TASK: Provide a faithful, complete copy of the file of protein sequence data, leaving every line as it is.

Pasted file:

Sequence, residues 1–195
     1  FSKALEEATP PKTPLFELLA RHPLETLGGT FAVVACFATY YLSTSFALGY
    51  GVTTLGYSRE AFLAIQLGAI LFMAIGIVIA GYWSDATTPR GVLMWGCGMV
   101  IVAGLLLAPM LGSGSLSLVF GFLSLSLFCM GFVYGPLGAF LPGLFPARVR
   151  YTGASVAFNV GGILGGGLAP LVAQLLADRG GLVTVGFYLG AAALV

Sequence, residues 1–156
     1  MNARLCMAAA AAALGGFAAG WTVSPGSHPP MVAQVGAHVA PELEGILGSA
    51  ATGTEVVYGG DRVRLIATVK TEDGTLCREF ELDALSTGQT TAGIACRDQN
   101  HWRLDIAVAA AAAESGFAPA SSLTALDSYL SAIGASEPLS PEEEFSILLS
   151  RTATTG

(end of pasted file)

Sequence, residues 1–195
     1  FSKALEEATP PKTPLFELLA RHPLETLGGT FAVVACFATY YLSTSFALGY
    51  GVTTLGYSRE AFLAIQLGAI LFMAIGIVIA GYWSDATTPR GVLMWGCGMV
   101  IVAGLLLAPM LGSGSLSLVF GFLSLSLFCM GFVYGPLGAF LPGLFPARVR
   151  YTGASVAFNV GGILGGGLAP LVAQLLADRG GLVTVGFYLG AAALV

Sequence, residues 1–156
     1  MNARLCMAAA AAALGGFAAG WTVSPGSHPP MVAQVGAHVA PELEGILGSA
    51  ATGTEVVYGG DRVRLIATVK TEDGTLCREF ELDALSTGQT TAGIACRDQN
   101  HWRLDIAVAA AAAESGFAPA SSLTALDSYL SAIGASEPLS PEEEFSILLS
   151  RTATTG